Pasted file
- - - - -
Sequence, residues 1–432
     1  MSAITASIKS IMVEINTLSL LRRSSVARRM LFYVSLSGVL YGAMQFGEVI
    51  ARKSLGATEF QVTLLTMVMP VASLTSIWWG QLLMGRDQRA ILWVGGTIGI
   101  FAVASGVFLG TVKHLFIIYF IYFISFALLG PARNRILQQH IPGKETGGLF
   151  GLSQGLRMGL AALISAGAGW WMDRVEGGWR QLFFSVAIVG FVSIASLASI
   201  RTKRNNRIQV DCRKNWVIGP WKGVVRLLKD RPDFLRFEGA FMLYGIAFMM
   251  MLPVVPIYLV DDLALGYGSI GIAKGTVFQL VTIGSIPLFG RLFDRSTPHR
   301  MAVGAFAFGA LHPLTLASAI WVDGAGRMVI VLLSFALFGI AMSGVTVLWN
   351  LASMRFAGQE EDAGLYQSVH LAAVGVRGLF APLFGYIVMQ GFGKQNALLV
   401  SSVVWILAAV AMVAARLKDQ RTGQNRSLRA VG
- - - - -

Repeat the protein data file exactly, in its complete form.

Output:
Sequence, residues 1–432
     1  MSAITASIKS IMVEINTLSL LRRSSVARRM LFYVSLSGVL YGAMQFGEVI
    51  ARKSLGATEF QVTLLTMVMP VASLTSIWWG QLLMGRDQRA ILWVGGTIGI
   101  FAVASGVFLG TVKHLFIIYF IYFISFALLG PARNRILQQH IPGKETGGLF
   151  GLSQGLRMGL AALISAGAGW WMDRVEGGWR QLFFSVAIVG FVSIASLASI
   201  RTKRNNRIQV DCRKNWVIGP WKGVVRLLKD RPDFLRFEGA FMLYGIAFMM
   251  MLPVVPIYLV DDLALGYGSI GIAKGTVFQL VTIGSIPLFG RLFDRSTPHR
   301  MAVGAFAFGA LHPLTLASAI WVDGAGRMVI VLLSFALFGI AMSGVTVLWN
   351  LASMRFAGQE EDAGLYQSVH LAAVGVRGLF APLFGYIVMQ GFGKQNALLV
   401  SSVVWILAAV AMVAARLKDQ RTGQNRSLRA VG